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Senior White House officials set to meet with Arab, Muslim American leaders, officials in Michigan

U.S. Agency for International Development Administrator Samantha Power speaks during an event to launch the Bureau of Global Health Security and Diplomacy on Aug. 1, 2023, at the State Department in Washington, D.C. (Alex Wong/Getty Images/TNS)

Senior officials from President Joe Biden’s White House are traveling to Michigan to meet Thursday with government and elected officials and leaders in the Arab and Muslim American communities there, according to four sources familiar with their plans.

Several meetings are planned to discuss policy largely focused on the Israel-Hamas war in Gaza, including one-on-one sit-downs, amid tensions between the Democratic administration and the Arab and Muslim American communities who are furious over his handling of the conflict and a Palestinian death toll approaching 28,000.

The senior administration officials who are scheduled to participate in the meetings in Wayne County include Samantha Power, administrator of the U.S. Agency for International Development; Tom Perez, director of the White House Office of Intergovernmental Affairs; Deputy National Security Adviser Jon Finer; Director of the Office of Public Engagement Steve Benjamin; and White House liaison to American Muslim Communities Mazen Basrawi, the sources said.

The White House did not immediately comment Wednesday on the planned meetings, which were first reported by CNN.

The meetings come after Biden skipped a stop in Dearborn while he was in Metro Detroit last week, instead visiting Black voters at a sports bar in Harper Woods and Macomb County union voters in an event with the United Auto Workers in Warren, where protesters demanding a cease-fire in Gaza demonstrated nearby.

The previous week, Biden campaign manager Julie Chavez Rodriguez traveled to Dearborn for a meeting with a group of leaders and officials from the Arab and Muslim communities including the mayor and state lawmakers, but after several refused the invitation, the meeting was canceled.

At the time, some in the community questioned why Biden would send a campaign official and not someone from the White House. Rodriguez previously was director of Biden’s White House Office of Intergovernmental Affairs.

Michigan has among the largest communities of Arab Americans in the country, with over 300,000 residents of Middle Eastern or North African ancestry, according to Census Bureau estimates.

They make up a small percentage of the Michigan electorate but could be a crucial group in the battleground state in November’s general election. Biden won Michiga in 2020 by about 154,000 votes or 3 percentage points over former President Donald Trump, who won the state in 2016.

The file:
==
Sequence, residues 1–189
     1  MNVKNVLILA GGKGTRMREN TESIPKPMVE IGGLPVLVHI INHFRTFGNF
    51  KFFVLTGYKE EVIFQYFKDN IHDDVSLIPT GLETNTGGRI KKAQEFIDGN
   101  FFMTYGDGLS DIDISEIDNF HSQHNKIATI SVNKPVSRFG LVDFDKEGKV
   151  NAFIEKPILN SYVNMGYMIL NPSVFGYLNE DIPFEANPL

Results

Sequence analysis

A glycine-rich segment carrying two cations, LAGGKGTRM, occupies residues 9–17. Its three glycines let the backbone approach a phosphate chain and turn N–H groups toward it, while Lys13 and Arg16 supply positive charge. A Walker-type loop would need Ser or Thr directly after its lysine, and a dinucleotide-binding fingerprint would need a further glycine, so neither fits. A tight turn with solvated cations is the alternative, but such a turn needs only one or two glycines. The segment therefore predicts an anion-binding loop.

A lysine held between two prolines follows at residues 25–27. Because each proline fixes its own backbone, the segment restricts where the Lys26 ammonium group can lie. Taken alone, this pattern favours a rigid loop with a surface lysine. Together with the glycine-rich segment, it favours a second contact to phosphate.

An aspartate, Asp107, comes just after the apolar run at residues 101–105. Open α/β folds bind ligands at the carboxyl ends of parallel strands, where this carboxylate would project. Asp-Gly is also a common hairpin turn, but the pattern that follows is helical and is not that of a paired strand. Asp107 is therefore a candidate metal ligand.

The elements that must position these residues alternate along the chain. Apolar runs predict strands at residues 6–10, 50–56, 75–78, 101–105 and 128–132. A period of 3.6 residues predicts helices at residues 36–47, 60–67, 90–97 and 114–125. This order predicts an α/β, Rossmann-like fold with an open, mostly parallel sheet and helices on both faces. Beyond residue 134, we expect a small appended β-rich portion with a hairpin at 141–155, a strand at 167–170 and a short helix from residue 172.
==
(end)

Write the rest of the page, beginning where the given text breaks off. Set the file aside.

This week, a group of Arab American activists launched a last-minute campaign to urge voters to cast “uncommitted” votes in the Democratic presidential primary on Feb. 27 to register their discontent with Biden for not demanding Israel cease military action in Gaza.

Organizers hope a substantial “uncommitted” showing in Michigan’s primary would shake the president’s confidence in winning the state in November, with that risk leading him to shift his policy to support a cease-fire between Israel and the Hamas militant group.

The Listen to Michigan coalition has less than three weeks before the Feb. 27 primary election to get out the word and explain to voters how to vote “uncommitted” in the primary. In addition to Biden, Minnesota U.S. Rep. Dean Phillips and self-help guru Marianne Williamson also are on Michigan’s Democratic primary ballot, which has an option for voting uncommitted.

White House Press Secretary Karine Jean-Pierre said last week that the president continues to believe Israel has a right to defend itself as long as it operates in accordance with international humanitarian law.

“At the same time, he is heartbroken by the suffering of innocent Palestinians,” Jean-Pierre said of Biden.

In remarks at the National Prayer Breakfast before he traveled to Metro Detroit last week, Biden spoke of the conflict in Gaza and said his administration is working for peace.

“We value and pray for the lives taken and for the families left behind, for all those who are living in dire circumstances — innocent men, women, and children held hostage or under bombardment or displaced, not knowing where their next meal will come from or if it will come at all,” Biden said.

“Not only do we pray for peace, we are actively working for peace, security, dignity for the Israeli people and the Palestinian people.”

Jean-Pierre has said senior administration officials would be traveling to Michigan in the coming days “to hear directly from community leaders on a range of issues that are important to them and their families, including the conflict in Israel and Gaza.”


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